There was an ideological debate before passing the law, as some intellectuals claimed that state control of land is actually essential to economic growth. The government managed the debate on the Internet, allowing postings but having them removed before passing the law.
The news story is by Edward Cory of the Washington Post Foreign Service, “Chinese Lawmakers Approve Measure to Protect Private Property Rights,” March 17, 2007, here.
In the 1960s, remember, Mao Tse Tung had engineered the Cultural Revolution, where intellectuals were required to “pay their dues” and share the burdens of others by moving into the countryside to do manual labor under primitive conditions. The ideological concern over burden-sharing is surfacing again in this country with a renewed debate about conscription and national service.
Tuesday, March 13, 2007
ABC "World News Tonight," on Monday March 12, 2007, reported that radioactive materials may be missing (that is, have been diverted by unauthorized parties) from as many as 85 sites in Russia and especially in former Soviet republics.
The report specifically mentioned Georgia (the former Soviet republic, not the American state), where a couple years ago there had been reports about loose strontium 90 canisters, and these are extremely toxic. Other reports, as in The New York Times magazine, have discussed potential security problems in Russian plants in an era east of the Ural mountains, and have proposed that there could exist a smuggling road through Kurdistan. It is likely that there could be sites all over the former Soviet Union, including arctic areas.
Former Senator Sam Nunn (whatever his unfortunate role in the debate on gays in the military in 1993), has helped make an independent film warning about the problem, "The Last Best Chance", review here.
There have also been concerns about possible major leaks within the United States, such as from the Tooele Depot in Utah, discussion here.
The ABC World News Tonight story also explained that it could be much easier for terrorists to make a small "dirty bomb" than an actual nuclear weapon. Such a device could contaminate an urban area of a few square miles, even if causing no immediatel casualties; and obviously could cause long term economic chaos.
See also my review of Graham Allison's book.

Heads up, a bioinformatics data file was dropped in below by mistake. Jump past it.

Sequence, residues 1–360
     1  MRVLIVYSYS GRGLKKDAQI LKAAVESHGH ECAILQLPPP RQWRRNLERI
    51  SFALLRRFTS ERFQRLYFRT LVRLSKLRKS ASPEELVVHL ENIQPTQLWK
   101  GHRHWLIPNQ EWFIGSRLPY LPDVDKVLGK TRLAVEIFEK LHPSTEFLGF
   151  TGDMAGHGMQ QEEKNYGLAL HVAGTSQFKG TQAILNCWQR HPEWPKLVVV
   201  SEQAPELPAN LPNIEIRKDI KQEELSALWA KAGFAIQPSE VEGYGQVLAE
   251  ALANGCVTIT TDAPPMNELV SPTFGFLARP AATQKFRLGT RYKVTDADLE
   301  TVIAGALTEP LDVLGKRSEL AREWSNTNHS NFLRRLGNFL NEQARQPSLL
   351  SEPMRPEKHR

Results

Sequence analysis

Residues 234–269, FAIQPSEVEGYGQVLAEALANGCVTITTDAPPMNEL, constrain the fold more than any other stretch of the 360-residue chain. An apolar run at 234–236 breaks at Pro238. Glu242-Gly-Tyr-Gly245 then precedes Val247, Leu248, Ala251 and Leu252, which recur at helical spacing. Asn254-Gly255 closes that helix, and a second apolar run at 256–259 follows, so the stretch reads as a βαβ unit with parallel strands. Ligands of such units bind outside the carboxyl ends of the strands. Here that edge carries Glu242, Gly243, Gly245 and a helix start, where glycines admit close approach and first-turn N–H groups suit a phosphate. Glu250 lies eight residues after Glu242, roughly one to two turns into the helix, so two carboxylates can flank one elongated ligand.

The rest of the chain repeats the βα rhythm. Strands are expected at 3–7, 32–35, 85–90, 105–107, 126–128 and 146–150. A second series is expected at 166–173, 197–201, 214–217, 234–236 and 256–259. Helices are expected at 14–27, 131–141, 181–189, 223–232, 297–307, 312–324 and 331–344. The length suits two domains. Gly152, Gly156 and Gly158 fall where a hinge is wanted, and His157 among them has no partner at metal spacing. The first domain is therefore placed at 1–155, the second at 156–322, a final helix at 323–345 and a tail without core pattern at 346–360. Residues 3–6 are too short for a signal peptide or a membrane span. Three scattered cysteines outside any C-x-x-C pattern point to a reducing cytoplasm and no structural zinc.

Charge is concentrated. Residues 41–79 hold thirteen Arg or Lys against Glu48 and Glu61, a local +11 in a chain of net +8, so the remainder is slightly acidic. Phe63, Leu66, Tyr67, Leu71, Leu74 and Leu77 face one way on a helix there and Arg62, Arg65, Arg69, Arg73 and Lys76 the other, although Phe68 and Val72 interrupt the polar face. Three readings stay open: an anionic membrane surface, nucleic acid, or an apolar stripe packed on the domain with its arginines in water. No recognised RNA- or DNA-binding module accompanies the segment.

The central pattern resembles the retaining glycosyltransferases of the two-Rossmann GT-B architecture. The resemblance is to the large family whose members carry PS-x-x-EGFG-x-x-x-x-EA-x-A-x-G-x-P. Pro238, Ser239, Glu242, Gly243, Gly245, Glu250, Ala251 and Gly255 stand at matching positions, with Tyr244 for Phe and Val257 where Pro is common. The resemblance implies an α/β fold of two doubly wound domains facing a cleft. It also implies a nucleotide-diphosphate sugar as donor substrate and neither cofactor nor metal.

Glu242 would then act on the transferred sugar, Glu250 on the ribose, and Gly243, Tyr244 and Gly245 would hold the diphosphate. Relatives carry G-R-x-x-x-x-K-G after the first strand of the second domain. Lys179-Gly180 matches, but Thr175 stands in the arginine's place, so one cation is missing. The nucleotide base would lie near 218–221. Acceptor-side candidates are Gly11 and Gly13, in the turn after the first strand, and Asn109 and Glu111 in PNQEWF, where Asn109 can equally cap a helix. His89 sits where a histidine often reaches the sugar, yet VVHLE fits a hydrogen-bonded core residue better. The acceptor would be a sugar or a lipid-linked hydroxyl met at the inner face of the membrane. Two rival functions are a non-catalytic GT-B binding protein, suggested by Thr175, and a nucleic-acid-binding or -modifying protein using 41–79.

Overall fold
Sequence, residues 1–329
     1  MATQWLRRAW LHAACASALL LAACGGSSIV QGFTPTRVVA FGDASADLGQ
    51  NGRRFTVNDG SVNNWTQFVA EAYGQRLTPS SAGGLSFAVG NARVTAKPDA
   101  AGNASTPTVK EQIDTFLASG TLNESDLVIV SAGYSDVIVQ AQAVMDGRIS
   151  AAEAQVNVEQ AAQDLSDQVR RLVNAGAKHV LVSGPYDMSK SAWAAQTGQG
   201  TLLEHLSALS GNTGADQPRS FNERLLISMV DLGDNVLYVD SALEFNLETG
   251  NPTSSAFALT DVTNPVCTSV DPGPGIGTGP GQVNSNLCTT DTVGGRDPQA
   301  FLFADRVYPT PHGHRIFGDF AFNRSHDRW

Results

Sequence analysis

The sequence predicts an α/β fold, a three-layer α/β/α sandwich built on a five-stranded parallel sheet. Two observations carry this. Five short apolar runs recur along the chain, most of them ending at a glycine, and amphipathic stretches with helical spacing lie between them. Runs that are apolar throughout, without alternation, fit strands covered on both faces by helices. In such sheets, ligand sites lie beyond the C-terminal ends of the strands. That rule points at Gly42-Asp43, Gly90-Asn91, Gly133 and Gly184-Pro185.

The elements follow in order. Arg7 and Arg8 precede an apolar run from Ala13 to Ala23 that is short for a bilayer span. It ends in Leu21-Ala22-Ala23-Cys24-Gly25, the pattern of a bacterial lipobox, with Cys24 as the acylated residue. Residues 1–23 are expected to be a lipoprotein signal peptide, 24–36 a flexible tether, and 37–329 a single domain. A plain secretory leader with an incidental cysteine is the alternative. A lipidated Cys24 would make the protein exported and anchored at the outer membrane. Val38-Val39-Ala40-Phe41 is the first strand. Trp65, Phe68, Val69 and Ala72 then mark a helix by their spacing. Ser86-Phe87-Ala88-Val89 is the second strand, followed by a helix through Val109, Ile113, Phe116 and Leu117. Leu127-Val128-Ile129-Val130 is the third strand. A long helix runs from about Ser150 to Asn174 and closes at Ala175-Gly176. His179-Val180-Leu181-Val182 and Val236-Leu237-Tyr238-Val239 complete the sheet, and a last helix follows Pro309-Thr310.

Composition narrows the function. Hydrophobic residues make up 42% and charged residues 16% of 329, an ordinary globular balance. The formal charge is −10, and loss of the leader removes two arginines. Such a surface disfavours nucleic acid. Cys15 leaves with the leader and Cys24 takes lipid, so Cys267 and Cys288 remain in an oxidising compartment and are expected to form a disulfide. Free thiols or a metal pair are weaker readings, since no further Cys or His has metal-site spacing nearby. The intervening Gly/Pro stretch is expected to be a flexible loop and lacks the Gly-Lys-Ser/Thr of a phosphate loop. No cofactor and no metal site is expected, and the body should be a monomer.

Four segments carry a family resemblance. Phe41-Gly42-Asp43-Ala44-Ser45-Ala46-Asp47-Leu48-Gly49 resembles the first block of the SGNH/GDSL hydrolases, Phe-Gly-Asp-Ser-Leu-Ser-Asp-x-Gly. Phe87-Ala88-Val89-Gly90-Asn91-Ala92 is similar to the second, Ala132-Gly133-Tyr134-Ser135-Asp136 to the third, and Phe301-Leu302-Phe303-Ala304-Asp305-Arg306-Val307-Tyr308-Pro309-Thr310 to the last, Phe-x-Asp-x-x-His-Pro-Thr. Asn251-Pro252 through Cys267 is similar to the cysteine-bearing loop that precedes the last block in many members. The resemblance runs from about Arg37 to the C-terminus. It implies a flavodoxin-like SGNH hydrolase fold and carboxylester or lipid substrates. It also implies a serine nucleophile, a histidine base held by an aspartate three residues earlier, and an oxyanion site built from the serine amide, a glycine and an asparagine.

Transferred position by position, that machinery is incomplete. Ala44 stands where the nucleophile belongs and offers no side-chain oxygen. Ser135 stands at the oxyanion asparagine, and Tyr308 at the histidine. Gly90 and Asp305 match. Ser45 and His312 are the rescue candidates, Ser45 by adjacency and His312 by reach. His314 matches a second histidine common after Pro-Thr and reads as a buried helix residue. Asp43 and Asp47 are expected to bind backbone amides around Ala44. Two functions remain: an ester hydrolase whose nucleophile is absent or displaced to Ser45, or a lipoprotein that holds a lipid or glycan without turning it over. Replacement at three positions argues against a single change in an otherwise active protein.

Khalid Sheik Mohammed, arrested in 2003, confessed to masterminding the 9/11 attacks on New York and Washington.
Here is the link for the transcript of his confession (PDF).
Here is the link for the CNN news story itself.
Waleed bin Attash, also at Guantanmo, confessed to planning the attack on the U.S. S. Cole in Yemen in October 2000 and the bombings of embassies in Tanzania and Kenya in August 1998.
The transcript of the confession is on defenselink, here.
A BBC story about loose radioactive material from Pakistan was posted on digg.com and here is the link.
Saturday, March 10, 2007
The F.B.I. drew sharp rebuke from multiple media reports March 9 about a Department of Justice report and audit detailing carelessness in the way the FBI, using the authority of the U.S. A. Patriot Act, has sought national serurity letters to obtain private correspondence (phone and email, mainly) about various persons who might be remotely connected to terrorism or associated activities like money laundering. Sometimes the requests called for exigent letters in circumstances that were not emergenices.
The report relects the ambiguity of many situations, the complexity of the rules for agents to follow, and the difficulty for law enforcement to determine whether a communication, email, blog posting, profile, chat, or discussion forum item represents some kind of implied threat or simply is being posed as an abstract discussion or role playing (nearly always the case). The proliferation of scams and phishing, often by email spam and worms, also makes it difficult to determine what is an item of substance.
I have, on a few occasions, turned over emails that I have received to law enforcement because I thought the information was significant, and in one case I did have an extended conversation by phone with an FBI agent in Philadelphia about an item I had received. Controversial blogs and websites will attract troubling chatter once in a while, and it is difficult to determine what is significant. The challenge for law enforcement is to connect the dots and recognize real patterns (or repeated material) in chatter sent to different and unrelated parties.
Sunday, March 4, 2007
A story by Andrew C. Revkin "U.S. Predicting Steady Increase For Emissions: Report to U.N. Overdue -- Experts Critical," in The New York Times, March 3, 2007, anticipates the new United States Climate Action Report, as confirming a discouraging prospect to controlling greenhouse gasses with our current policies. The 2002 report (pdf) is here. (This browsed only in IE for me.) It mentions the "United Nations Framework Convention on Climate Change." Another interesting document comes from Friends of the Earth, "Global Warming: How It Might Affect You", here.
There was a brief rally on the west side of the Capitol in Washington DC on March 20, for Climatecrisis (associated with Al Gore's film "An Inconvenient Truth") and for saving the arctic.